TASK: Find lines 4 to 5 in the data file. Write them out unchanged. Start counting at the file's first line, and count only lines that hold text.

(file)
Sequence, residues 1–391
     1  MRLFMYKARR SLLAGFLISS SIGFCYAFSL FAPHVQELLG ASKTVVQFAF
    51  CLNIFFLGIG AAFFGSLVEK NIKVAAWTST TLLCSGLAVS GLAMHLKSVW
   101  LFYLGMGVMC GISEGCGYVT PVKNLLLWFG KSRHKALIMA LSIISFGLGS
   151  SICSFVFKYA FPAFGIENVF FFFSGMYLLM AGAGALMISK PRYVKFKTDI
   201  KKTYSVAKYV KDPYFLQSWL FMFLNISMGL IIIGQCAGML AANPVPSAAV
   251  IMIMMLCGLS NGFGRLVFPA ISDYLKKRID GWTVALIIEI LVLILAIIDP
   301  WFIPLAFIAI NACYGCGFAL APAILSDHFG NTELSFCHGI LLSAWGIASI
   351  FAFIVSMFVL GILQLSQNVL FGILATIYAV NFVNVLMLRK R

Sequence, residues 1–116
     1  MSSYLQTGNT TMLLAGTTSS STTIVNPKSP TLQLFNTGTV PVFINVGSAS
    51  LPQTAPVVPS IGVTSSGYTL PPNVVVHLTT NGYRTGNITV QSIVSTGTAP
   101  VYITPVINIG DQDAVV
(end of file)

   101  LFYLGMGVMC GISEGCGYVT PVKNLLLWFG KSRHKALIMA LSIISFGLGS
   151  SICSFVFKYA FPAFGIENVF FFFSGMYLLM AGAGALMISK PRYVKFKTDI